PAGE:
“I just want to say one word to you. Just one word… plastics … There’s a great future in plastics.”
That scene, from the classic 1967 movie The Graduate, may have been prescient, but has not aged well.
Modern society’s love of plastic has proven profitable and convenient but it has taken a massive toll on the health of the planet.
About 300 million tons of plastic are produced annually. (There is no single substance called “plastic” – the term covers many materials made from an array of organic and inorganic compounds.)
More than eight million tons end up in oceans, another 30 million tons in recycling and the rest in landfills and elsewhere in the environment. By some estimates, by 2050, there will be more plastic in our oceans than fish.
Plastic’s strength, low cost and durability, is what makes it problematic. It breaks down slowly, so it accumulates. When it does break down, the microscopic fragments seep into land and water, an insidious and pervasive pollution problem.
The old three Rs mantra – reuse, recycle, reduce – is not proving particularly effective.
There are a fair number of reusable plastic products, but there are health concerns about chemicals such as bisphenol A and phthalates that can leech out.
The recycling industry is overwhelmed to the point that much of what goes into blue bins now goes to the landfill. Recycling the broad range of plastics is complex and it’s often cheaper to produce new products than use recycled materials.
The obvious solution is to reduce use of plastics, especially single-use products such as packaging, bags and straws.
The global movement to ban straws is really picking up steam, fuelled by viral videos such as the cringe-worthy one of scientists extricating a plastic straw from a turtle’s nostril and aided by catchy hashtags such as #strawssuck.
Vancouver has become one of the first cities to impose a ban on plastic straws in commercial establishments such as restaurants and bars, and it is expected to be a subject of discussion among world leaders at this week’s Group of Seven summit in Charlevoix, Que.
The vilification of straws has also become a cultural phenomenon, with hipsters carrying their own metal straws and establishments embracing alternatives made of glass, paper, bamboo, rubber, hemp, wheat and more.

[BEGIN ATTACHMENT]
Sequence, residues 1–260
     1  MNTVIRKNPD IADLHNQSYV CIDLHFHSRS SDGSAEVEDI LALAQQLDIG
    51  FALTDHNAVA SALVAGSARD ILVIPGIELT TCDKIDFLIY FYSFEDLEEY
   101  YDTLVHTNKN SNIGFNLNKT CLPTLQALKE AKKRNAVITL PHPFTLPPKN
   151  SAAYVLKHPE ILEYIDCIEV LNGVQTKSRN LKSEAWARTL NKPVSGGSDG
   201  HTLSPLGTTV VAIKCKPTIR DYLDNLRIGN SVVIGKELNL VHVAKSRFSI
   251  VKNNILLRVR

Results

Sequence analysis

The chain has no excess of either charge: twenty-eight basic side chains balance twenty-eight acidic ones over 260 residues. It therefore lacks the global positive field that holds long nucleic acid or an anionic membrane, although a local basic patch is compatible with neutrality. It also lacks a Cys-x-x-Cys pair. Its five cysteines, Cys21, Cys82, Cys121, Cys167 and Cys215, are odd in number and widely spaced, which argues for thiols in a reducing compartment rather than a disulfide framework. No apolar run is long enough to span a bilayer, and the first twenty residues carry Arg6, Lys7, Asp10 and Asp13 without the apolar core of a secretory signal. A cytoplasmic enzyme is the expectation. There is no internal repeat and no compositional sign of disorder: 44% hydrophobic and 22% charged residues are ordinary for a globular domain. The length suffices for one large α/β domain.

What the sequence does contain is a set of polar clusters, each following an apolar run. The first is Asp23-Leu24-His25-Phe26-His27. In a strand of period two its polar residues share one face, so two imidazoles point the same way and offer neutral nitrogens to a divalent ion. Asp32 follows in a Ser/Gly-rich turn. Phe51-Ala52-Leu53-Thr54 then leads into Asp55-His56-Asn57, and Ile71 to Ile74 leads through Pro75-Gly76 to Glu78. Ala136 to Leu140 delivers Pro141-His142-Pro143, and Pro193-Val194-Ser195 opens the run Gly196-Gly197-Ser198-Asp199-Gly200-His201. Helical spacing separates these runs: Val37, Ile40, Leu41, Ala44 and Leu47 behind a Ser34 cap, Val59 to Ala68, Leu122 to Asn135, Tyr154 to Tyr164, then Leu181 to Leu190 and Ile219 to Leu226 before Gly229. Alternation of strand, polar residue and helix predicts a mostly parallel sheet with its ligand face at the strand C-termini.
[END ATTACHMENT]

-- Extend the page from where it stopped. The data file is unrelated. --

But well-meaning gestures can have unintended consequences, and this one is no exception.
People with a broad range of health conditions, from Down syndrome to dementia, from rare neuromuscular disorders to stroke impairments, rely heavily on straws – and bendy plastic straws in particular – to facilitate drinking.
For people with disabilities, straws are not frivolous; they are an accessibility issue as much as ramps are for users of mobility devices.
While most people take it for granted, getting a drink from your hand to your lips, and then tipping liquid in and swallowing requires a complex set of motions. Anyone who has helped feed a loved one with advanced dementia knows this all too well.
The straw, and the bendable plastic straw more specifically, is a remarkably successful example of an accessible technology, and it should not be banned mindlessly any more than it is discarded thoughtlessly.
When we embrace sweeping bans and enforce self-righteous no-straws policies in bars and restaurants, we have to be careful not to create barriers to inclusion.
There are, by some estimates, 57 million plastic straws used in Canada daily. There is no question that number can be reduced markedly. There is no doubt either that there are some decent alternatives to plastic.
But this issue requires a social solution more than a legal solution. That means embracing approaches such as moving from opt-out to ask-in policies.
Don’t expect everyone to have their own straw. Don’t assume alternatives are always better. Rigid straws can be difficult to manipulate, especially for people who can use only their chins. Paper straws don’t work well for hot liquids. Glass and metal straws can hurt people who bite them. And, if you have trouble drinking, you are quite likely to have trouble washing and carrying a reusable straw.
We want cleaner oceans. We want to protect turtles and other marine wildlife.
But doing so should not result in some people being vilified, shut out, or discriminated against.
When people do ask, a plastic straw should be provided, no questions asked. It’s a reasonable accommodation, not a blight on the planet.
One word to you, just one word … inclusion … There’s a great future in inclusion.